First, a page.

NEW YORK (Reuters) - Brent oil prices settled steady on Tuesday after the deadly blasts in Brussels while U.S. crude futures fell, then extended losses in post-settlement trade on industry data showing bigger than expected builds in domestic inventory.
Oil prices fell early as investors fled risk after the attacks in Belgium that killed at least 30 people. [MKTS/GLOB] Brent erased losses and settled a little higher as equity markets reversed losses and safe-havens such as gold and government bonds pulled back from their highs.
U.S. crude, however, settled lower, then extended losses after the American Petroleum Institute (API), an industry group, said in a report after the oil's market settlement that U.S. crude stockpiles rose almost 9 million barrels last week to reach a record high of nearly 532 million.
The stockpile growth reported by the API was nearly 6 million barrels above estimates from analysts polled by Reuters. Official crude inventory data from the U.S. government will be released on Wednesday.
The front-month contract in U.S. crude futures CLc1 was down 30 cents at $41.22 a barrel by 5:05 p.m. EST (2105 GMT), after the API report. It had ended the session just 7 cents down at $41.45, after hitting a 2016 high of $41.90 earlier.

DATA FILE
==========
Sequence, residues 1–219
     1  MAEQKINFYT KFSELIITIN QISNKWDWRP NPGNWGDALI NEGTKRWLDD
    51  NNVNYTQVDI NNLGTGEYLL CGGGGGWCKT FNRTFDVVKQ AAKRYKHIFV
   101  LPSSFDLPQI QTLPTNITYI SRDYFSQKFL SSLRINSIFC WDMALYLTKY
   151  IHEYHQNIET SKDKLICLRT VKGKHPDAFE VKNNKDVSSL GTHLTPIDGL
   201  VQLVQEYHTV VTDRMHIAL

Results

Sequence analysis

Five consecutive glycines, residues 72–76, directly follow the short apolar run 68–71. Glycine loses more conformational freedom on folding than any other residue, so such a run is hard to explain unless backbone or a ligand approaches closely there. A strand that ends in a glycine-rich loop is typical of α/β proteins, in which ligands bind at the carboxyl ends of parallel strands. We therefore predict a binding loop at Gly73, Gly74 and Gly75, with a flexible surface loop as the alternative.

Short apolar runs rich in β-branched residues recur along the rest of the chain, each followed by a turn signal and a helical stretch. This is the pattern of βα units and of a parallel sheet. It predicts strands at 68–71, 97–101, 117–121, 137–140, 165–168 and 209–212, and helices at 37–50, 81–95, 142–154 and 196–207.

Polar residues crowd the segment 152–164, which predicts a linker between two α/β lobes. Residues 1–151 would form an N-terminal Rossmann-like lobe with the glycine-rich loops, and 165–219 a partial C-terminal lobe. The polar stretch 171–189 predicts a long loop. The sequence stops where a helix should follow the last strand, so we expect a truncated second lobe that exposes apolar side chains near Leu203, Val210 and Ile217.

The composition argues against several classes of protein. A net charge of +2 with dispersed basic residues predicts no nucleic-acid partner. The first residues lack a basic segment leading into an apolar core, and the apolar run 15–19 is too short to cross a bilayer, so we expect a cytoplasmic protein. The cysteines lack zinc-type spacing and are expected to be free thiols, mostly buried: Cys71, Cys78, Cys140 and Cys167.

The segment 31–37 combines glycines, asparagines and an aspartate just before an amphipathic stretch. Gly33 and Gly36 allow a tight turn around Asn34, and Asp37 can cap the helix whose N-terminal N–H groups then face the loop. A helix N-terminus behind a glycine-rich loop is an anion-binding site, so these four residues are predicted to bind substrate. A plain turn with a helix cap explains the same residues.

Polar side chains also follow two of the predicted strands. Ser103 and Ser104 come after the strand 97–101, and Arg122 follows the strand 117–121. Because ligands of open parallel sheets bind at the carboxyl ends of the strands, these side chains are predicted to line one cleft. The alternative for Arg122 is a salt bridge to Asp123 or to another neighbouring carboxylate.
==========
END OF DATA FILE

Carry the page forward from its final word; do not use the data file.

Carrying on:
Brent crude LCOc1 was up 6 cents at $41.60 a barrel in post-settlement trade, after finishing the session 25 cents higher at $41.79.
"It's a remarkable crude build reported by the API, which will definitely create some worry in tomorrow's trade for oil bulls," said John Kilduff, partner at New York energy hedge fund Again Capital.
"But there are also signs that we've had a larger-than-expected gasoline draw, so some of that bearish sentiment in crude may be ironed out."
API reported a gasoline drawdown of 4.3 million barrels, versus the 1.5 million-barrel decline forecast in the Reuters poll.
Some traders and analysts have warned of potential profit-taking in oil after crude prices gained more than 50 percent over the past six weeks despite marginal improvements in supply-demand. Much of the rally has been driven by plans engineered by OPEC and other major oil producers to freeze output at January levels.
"I wouldn't be surprised to see some market participants ... saying the price increase that we've had has been enough," Commerzbank strategist Eugen Weinberg said.
Additional reporting by Amanda Cooper in LONDON; Editing by Marguerita Choy